Remove and Torque crank bolt, finally an easy method.

Discussion in 'Gen 1 & 2 - Guides (For How-to guides, NOT how-to ' started by Airborne, Jan 24, 2012.

  1. Airborne

    Airborne SHO Member

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    Well, at least you have to have one cylinder head on. I had been wanting to post this for a while, but wanted to try it first to make sure it worked. It works on my dirt bikes, just wanted to make sure it worked on my SHO motor. It is called an engine lock up tool and Steahly Off Road sells it. Here is a link.

    http://www.steahlyoffroad.com/tools/engine-lock-up-tool.html

    I drilled a hole in the tool and hammered an allen socket in the tool so that I could intall it in the spark plug hole. Use your hand only to install, no ratchet.
    [​IMG]
    Use a coat hanger to find TDC of the cylinder you chose. I choose #4 in case something went wrong, it would be easier to remove the front cylinder head than the rear.
    [​IMG]
    To remove crank bolt: After tdc is found, rotate crank clockwise about 15 degrees and install lock up tool. then remove bolt with breaker bar. It is that easy!

    To Torque: After tdc is found, rotate crank counter-clockwise about 15 degrees and install lock up tool. Then tighten crank bolt to proper torque. Agian, that easy.

    [​IMG]
     
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  2. auto.guru

    auto.guru Village Idiot

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    Sticky!!!!!
     
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  3. LJRuddy

    LJRuddy Pop lock n drop

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    I would be worried that the aluminum threads would get fvcked up with this. They aren't exactly large threads and you gotta torque the ever living snot out of the crank bolt to prevent cancer...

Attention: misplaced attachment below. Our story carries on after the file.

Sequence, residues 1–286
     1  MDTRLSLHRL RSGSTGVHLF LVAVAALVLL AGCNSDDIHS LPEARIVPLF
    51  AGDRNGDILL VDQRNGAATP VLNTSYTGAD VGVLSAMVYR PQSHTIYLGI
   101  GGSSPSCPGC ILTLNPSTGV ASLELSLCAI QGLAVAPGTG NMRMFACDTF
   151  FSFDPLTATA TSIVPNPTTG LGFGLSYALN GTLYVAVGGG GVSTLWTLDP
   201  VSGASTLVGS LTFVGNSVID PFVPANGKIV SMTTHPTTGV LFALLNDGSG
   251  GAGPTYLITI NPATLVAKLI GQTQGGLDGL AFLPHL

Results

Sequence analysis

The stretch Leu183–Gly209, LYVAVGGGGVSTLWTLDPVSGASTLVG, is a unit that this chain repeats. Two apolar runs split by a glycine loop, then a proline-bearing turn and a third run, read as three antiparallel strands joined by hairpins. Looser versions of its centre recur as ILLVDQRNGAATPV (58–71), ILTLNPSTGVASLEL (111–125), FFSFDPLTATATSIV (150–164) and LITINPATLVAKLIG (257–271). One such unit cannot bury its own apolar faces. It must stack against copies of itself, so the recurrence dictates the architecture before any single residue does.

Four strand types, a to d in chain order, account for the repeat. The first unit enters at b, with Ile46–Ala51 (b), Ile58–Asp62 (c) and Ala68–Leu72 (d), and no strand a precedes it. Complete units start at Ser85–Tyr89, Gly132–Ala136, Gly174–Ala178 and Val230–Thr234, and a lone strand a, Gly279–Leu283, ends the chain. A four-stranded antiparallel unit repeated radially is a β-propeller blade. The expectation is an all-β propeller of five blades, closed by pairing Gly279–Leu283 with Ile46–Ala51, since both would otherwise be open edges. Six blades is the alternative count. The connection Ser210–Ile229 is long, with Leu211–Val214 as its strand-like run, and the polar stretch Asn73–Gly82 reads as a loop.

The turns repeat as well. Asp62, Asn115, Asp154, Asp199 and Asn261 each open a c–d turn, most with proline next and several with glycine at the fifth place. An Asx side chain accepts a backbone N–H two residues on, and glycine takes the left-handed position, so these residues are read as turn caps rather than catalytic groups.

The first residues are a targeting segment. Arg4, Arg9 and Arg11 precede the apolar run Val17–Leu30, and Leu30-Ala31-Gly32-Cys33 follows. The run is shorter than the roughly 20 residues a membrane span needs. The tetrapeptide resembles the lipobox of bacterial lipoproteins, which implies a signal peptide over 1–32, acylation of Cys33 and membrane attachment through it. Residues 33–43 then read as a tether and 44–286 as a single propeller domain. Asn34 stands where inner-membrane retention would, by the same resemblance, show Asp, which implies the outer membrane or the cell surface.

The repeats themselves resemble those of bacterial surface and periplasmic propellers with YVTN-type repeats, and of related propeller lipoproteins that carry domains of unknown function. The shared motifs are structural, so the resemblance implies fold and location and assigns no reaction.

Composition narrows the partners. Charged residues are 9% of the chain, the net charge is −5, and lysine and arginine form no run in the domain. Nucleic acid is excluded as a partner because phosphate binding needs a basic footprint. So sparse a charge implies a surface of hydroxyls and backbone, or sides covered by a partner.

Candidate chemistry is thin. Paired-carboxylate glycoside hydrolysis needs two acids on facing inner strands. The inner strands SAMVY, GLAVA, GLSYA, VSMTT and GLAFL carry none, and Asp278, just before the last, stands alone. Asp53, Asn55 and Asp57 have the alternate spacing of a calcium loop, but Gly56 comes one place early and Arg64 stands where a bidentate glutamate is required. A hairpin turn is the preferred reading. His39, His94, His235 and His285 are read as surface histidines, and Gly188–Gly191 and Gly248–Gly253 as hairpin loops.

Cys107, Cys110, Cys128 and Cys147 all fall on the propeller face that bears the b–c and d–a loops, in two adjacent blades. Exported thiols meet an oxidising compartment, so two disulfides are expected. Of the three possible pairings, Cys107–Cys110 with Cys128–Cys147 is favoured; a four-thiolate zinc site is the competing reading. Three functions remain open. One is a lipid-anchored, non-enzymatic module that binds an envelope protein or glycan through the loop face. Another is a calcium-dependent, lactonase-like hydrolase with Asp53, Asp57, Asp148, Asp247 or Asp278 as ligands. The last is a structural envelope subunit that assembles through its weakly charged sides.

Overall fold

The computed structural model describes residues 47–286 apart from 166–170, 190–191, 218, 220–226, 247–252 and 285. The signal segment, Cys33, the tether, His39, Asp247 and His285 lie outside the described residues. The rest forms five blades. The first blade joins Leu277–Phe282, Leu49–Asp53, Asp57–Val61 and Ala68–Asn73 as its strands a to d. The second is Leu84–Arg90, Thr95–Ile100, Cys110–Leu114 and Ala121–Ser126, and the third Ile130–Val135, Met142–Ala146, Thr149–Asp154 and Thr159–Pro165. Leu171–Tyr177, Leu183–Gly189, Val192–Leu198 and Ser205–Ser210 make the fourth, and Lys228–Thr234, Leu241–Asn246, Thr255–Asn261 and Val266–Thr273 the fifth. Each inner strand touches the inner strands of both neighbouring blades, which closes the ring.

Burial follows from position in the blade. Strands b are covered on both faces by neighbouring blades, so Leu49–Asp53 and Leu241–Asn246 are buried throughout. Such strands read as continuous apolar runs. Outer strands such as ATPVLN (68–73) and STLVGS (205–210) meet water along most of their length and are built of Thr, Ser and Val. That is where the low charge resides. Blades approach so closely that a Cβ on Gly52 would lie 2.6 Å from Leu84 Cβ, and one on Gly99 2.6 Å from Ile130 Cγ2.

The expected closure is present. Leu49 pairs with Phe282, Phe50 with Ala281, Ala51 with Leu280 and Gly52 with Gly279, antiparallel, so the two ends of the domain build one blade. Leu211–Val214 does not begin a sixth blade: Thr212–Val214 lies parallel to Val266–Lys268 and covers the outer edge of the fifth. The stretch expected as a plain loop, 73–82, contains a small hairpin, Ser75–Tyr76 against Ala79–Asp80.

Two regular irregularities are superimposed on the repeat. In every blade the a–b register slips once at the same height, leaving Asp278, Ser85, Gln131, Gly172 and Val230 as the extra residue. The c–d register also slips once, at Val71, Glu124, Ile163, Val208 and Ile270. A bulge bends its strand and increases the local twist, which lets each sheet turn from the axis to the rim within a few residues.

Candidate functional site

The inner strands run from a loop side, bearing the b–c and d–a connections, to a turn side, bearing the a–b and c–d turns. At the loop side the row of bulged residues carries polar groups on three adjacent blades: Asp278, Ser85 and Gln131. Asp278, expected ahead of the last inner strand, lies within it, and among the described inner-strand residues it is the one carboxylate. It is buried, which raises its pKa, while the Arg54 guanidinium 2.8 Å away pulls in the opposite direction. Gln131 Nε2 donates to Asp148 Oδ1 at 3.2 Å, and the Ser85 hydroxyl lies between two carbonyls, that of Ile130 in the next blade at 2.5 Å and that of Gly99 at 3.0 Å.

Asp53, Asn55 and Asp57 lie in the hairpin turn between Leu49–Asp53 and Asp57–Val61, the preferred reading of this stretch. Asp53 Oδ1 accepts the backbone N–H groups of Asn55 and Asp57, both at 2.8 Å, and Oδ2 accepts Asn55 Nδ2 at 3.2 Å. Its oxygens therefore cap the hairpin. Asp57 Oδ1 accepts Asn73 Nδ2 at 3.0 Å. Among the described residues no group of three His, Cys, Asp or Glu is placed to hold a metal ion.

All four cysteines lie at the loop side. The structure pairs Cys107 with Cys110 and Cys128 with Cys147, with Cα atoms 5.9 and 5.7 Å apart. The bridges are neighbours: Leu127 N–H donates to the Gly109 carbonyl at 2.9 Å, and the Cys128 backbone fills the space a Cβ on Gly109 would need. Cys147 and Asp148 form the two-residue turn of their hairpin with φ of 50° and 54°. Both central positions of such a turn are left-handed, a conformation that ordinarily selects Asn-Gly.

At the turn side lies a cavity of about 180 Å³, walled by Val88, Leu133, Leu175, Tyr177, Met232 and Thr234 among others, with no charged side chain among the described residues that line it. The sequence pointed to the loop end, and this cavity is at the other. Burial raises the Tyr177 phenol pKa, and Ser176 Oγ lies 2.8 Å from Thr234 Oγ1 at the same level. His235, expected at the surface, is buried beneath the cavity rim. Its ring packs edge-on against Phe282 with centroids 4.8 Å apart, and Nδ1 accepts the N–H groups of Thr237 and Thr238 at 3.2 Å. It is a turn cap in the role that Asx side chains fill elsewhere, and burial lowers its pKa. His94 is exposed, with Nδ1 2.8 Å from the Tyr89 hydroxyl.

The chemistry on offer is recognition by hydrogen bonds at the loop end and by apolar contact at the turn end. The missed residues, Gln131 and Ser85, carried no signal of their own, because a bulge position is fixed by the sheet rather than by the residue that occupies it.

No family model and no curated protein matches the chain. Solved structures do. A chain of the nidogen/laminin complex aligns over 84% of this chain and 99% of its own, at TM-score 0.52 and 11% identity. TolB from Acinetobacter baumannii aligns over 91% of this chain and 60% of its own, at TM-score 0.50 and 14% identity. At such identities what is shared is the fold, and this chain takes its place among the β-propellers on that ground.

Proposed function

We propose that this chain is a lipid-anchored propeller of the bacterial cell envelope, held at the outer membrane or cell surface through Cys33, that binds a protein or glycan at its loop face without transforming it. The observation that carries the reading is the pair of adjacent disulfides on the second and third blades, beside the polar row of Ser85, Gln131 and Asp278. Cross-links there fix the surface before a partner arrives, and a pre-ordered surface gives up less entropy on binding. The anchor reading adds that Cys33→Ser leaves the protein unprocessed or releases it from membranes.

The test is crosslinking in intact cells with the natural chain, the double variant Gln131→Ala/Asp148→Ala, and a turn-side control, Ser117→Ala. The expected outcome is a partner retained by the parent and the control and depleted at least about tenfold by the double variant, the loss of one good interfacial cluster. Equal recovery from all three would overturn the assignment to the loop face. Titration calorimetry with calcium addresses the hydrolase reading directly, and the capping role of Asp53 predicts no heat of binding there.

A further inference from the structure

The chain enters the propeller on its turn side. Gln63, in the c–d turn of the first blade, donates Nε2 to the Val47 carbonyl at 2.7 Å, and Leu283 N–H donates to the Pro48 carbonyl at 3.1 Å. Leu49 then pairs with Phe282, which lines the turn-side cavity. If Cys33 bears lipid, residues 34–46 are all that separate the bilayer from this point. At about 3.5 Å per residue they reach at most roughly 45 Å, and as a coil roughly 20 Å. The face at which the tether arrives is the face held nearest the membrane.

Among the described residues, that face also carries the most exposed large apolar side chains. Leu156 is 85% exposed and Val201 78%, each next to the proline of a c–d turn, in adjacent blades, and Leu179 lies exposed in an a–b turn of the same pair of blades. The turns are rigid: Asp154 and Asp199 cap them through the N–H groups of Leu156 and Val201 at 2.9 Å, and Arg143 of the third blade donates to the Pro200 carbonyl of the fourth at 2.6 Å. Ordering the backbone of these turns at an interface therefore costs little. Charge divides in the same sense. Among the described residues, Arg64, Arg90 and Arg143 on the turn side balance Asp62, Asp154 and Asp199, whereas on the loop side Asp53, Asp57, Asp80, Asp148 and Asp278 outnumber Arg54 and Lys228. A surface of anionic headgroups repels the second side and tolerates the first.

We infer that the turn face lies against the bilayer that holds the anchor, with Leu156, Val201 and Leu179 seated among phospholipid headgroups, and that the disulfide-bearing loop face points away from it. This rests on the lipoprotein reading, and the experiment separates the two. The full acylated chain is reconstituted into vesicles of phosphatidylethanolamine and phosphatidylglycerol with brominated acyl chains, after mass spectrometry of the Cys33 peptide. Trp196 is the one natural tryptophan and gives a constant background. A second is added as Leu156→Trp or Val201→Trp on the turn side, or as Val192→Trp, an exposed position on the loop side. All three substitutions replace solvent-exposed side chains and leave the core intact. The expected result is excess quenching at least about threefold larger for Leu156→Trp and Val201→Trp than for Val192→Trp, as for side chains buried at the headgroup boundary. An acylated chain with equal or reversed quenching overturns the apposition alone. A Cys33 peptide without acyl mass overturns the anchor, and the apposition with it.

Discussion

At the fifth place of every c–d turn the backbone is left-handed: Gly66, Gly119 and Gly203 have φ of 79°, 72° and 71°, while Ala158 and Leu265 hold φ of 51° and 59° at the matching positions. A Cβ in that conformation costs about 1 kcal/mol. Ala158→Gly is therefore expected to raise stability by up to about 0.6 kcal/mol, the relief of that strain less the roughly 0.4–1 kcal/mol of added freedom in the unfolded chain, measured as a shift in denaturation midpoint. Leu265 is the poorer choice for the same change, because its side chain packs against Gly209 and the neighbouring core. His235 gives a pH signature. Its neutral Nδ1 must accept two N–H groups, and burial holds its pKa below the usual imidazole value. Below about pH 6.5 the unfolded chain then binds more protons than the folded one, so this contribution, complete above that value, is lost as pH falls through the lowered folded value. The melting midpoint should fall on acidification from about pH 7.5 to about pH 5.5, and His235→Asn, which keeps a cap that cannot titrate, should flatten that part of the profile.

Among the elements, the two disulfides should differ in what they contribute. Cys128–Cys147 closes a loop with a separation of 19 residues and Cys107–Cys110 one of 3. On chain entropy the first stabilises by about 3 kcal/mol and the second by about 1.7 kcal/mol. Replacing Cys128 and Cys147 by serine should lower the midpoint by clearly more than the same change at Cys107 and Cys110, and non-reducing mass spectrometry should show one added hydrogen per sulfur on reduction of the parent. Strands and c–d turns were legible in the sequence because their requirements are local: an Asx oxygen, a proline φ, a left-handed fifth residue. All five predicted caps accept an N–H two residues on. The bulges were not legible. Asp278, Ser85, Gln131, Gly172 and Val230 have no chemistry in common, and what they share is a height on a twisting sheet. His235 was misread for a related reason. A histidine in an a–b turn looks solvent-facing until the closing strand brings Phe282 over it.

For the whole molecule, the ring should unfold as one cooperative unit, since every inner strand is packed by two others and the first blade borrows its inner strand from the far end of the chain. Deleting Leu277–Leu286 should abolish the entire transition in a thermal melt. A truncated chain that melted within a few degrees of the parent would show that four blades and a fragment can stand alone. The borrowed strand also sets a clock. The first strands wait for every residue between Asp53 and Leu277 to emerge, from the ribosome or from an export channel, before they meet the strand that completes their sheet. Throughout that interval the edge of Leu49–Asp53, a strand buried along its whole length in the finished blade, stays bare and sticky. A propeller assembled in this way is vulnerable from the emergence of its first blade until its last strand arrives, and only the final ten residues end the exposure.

4. Airborne

    Airborne SHO Member

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    The tool is plastic. I have been using this tool for about 7 years, the plastic tip is not even mushroomed.
     
    Last edited: Jan 30, 2012
  5. auto.guru

    auto.guru Village Idiot

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    why would torquing the crank bolt cause cancer? the bolt and harmonic balancer are added on to the crank, not part of it. So im failing to see how that bolt has to be super uber tight or youll get cancer...

    dont look at the starlight to much stewie griffin, youll get cancer!
     
  6. hawkeye18

    hawkeye18 Sorta cares

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    Village idiot is right. :p

    Crank cancer is caused when the crank bolt is not tightened enough. Why? Because if it's not tightened enough, the crank keyway will start eating into the crank and timing belt pulley, as well as the accessory pulley. It happens all the time to people who just tighten it until the crank starts rotating. That's maybe about 80lb/ft.

    The manual states that the crank bolt be tightened to somewhere in the neighborhood of 200lb/ft IIRC, and it's very difficult to do that - especially on an automatic where you can't lock the transmission in gear.
     
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  7. yamahaSHO

    yamahaSHO E85 whore